This program allocates one integer (i), an array of 14 characters (j), and two pointers (ip and jp). It then sets the pointers so that they point to the memory allocated for i and j. Finally, it prints out the values of those pointers -- these are indices into the memory array. When we run it, we get:
    UNIX> p3
    ip = 0xefffe924.  jp = 0xefffe910
    UNIX> 
    
    What this means is that when we view memory as an array, elements 0xefffe924, 0xefffe925, 0xefffe926, and 0xefffe927 are allocated for the local variable i, and elements 0xefffe910 through 0xefffe91d are allocated for the array j.

    Note that I said ``jp = j'' and not ``jp = &j''. This is because when treated as an expression, an array is equivalent to a pointer. The only difference is that you cannot assign a value to an array variable. Thus, you can say ``jp = j'', but you cannot say ``j = jp''. Moreover, you cannot take the address of an array variable -- saying ``&j'' is illegal.

    Pointers are a little like scalars -- they too can be declared as globals, locals or parameters, and can be assigned values, passed as parameters, and returned from procedures. On our machines all pointers are 4 bytes. Thus, in p3.c, there are 26 bytes of local variables allocated in the main() procedure -- 4 for i, 14 for j, 4 for ip, and 4 for jp.


    Address Space

    Here is an illustration of BSD style organization of an address space for a program.

    BSD defines segments to be contiguous regions of virtual space (like everybody else). A process address space is composed of five primary segments: (i) the text segment, holding the executable code; (ii) the initialized data segment, containing those data that are initialized to specific non-zero values at process start-up; (iii) the bss segment, containing data initialized as zero at process start-up; (iv) the heap segment, containing uninitialized data and the processs heap; and (v) the stack.

    Beyond the stack is a region holding the kernel's stack (used when executing system calls on behalf of this process, for example) and the user struct, a kernel data structure holding a large quantity of process-specific information.

    This is a illustration of BSDs per process virtual memory space. Text, initialized data, bss and heap are contiguously put in memory address, starting from the lowest address. Stack, however, starts from the highest address space, expanding downward in address space. The empty chunk between the top of heap and bottom of stack are allocated as needed.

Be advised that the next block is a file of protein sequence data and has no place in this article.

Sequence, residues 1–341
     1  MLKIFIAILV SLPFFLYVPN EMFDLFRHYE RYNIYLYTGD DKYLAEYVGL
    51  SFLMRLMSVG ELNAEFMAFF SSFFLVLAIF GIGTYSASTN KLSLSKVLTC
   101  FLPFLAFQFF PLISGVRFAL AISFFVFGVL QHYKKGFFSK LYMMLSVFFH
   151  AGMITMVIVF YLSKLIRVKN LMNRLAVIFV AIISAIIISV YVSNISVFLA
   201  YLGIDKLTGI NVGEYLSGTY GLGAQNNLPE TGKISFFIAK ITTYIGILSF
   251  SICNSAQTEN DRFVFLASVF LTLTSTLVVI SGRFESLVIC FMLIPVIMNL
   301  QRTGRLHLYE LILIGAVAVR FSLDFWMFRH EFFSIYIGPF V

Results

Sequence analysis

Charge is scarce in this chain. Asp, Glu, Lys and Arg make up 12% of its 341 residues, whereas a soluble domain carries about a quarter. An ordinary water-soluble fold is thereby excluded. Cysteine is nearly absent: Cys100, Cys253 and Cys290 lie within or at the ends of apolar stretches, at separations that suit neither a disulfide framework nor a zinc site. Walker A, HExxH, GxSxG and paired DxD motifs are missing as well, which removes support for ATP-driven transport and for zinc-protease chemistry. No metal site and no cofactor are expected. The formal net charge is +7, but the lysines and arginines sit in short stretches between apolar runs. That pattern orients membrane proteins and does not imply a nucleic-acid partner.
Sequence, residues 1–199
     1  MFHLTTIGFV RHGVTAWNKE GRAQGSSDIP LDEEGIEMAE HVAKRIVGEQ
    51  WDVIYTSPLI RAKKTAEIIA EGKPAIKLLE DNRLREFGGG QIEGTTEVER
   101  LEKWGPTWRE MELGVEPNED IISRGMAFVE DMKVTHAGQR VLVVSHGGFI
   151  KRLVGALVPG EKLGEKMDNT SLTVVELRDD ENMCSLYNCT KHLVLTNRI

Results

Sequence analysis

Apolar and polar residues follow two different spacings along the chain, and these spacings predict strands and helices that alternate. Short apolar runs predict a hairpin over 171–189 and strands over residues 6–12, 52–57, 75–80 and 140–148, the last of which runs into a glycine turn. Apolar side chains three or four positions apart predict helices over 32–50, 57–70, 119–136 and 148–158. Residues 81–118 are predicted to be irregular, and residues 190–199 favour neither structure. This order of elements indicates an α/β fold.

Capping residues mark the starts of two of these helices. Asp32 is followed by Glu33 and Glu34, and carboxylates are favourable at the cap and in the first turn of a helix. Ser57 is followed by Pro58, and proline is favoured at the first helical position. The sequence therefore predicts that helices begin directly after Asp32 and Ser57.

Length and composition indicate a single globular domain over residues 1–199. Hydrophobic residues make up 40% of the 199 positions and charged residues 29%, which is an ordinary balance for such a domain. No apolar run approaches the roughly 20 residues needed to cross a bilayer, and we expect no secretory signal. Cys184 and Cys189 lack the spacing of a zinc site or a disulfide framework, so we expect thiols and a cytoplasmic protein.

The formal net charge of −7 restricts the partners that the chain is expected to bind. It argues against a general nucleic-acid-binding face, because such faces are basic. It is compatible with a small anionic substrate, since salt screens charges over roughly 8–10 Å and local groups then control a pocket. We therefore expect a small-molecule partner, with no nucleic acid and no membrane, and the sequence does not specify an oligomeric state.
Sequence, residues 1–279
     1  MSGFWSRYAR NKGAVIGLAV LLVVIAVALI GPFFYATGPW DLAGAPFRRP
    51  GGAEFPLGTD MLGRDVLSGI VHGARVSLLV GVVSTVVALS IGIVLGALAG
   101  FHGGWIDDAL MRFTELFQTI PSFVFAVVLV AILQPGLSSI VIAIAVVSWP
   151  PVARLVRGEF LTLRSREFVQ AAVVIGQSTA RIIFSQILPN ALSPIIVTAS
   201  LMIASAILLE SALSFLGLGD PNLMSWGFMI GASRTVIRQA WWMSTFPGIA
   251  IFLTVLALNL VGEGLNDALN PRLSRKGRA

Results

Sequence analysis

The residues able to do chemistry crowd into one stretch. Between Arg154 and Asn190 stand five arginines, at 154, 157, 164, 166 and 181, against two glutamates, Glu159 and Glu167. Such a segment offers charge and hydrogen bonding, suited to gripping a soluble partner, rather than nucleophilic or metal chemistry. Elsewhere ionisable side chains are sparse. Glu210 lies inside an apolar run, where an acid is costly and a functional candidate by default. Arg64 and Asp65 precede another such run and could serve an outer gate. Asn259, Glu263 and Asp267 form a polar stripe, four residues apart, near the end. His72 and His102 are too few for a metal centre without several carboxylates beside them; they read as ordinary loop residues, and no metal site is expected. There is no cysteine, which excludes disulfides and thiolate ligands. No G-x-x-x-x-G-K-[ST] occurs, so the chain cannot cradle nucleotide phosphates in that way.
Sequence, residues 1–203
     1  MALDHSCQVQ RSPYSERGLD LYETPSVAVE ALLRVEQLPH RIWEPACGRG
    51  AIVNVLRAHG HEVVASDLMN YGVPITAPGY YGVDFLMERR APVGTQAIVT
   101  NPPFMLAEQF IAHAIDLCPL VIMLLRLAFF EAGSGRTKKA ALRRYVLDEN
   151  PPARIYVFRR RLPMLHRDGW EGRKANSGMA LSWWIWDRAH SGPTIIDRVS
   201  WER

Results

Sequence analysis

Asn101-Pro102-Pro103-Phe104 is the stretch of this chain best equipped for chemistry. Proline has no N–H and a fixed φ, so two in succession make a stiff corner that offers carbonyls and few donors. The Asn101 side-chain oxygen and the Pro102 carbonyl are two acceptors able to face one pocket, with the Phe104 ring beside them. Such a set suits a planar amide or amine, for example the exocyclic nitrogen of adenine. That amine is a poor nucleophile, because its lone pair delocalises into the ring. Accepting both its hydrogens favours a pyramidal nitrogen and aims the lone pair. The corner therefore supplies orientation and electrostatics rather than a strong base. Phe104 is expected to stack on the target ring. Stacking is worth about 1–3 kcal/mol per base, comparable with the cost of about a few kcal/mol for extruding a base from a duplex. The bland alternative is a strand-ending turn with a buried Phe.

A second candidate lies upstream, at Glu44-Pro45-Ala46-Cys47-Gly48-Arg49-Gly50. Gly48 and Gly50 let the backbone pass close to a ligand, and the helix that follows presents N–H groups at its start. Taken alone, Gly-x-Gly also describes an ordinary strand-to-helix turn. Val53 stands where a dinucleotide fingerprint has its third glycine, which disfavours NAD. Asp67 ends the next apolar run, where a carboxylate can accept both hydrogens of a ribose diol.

Where and how a memory space is allocated affect which segment this memory allocation resides.


    Type Casting (sometimes called ``type coercion'')

    There are times when you would like to take x bytes of memory of a certain type, and assign it to y bytes of memory of another type. This is called ``type casting''. A simple example is when you want to turn a char into an int, or an int into a float as in p4.c:
    main()
    {
      char c;
      int i;
      float f;
    
      c = 'a';
      i = c;
      f = i;
      printf("c = %d (%c).   i = %d (%c).  f = %f\n", c, c, i, i, f);
    }
    
    The statement `i = c' is a type cast, as is the statement `f = i'.

    Some type castings, like the one above, are very natural. The C compiler will do these for you without complaining. Most others, however, the C compiler will complain about, unless you specifically tell it that you are doing a type cast (this is a way of telling the compiler ``Yes, I know what I'm doing.'').

    For example, think about the procedure call: malloc(n). It allocates and returns n bytes of memory to the programmer. Look at the program p5.c:

    main()
    {
      char *s;
    
      s = malloc(10);
      strcpy(s, "Jim");
      printf("s = %s\n", s);
    }
    
    When you try to compile p5.c, you get a warning from the C compiler:
    UNIX> gcc -o p5 p5.c
    p5.c: In function `main':
    p5.c:5: warning: assignment makes pointer from integer without a cast
    UNIX>
    
    What's going on? Well, all procedures in C are assumed to return integers unless they are specified otherwise. Thus, the statement ``s = malloc(10)'' is trying to set s, which is a pointer, to the return value of malloc, which is assumed to be an integer. The compiler actually does create p5, but it lets you know that you're doing something strange -- that is, assign a pointer to an integer.

    What's the proper thing to do here? Well, you should really declare malloc() as returning a char *, as in p6.c:

    extern char *malloc();
    
    main()
    {
      char *s;
    
      s = malloc(10);
      strcpy(s, "Jim");
      printf("s = %s\n", s);
    }
    
    This tells the compiler that you are using the procedure malloc() which returns a char *, and which is defined elsewhere. You'll note that p6.c compiles without any warnings, but that both p5 and p6 do the same thing when you run them:
    UNIX> p5
    s = Jim
    UNIX> p6
    s = Jim
    UNIX>
    
    Most people do not write code like p6.c, though. Instead, they write it as in p7.c:
    main()
    {
      char *s;
    
      s = (char *) malloc(10);
      strcpy(s, "Jim");
      printf("s = %s\n", s); 
    }
    
    This says to the compiler ``Yes, I know malloc() is returning an int, but I want it to be treated like a char *''. You'll notice that p7.c compiles without warning and runs just like p5 and p6.

    Before we go on to other subjects, you need to understand that, however, p7.c is still not how you should write code. The following would be a lot more favorable:

    #include < stdlib.h >
    
    main()
    {
      char *s;
    
      s = malloc(10);
      strcpy(s, "Jim");
      printf("s = %s\n", s);
    }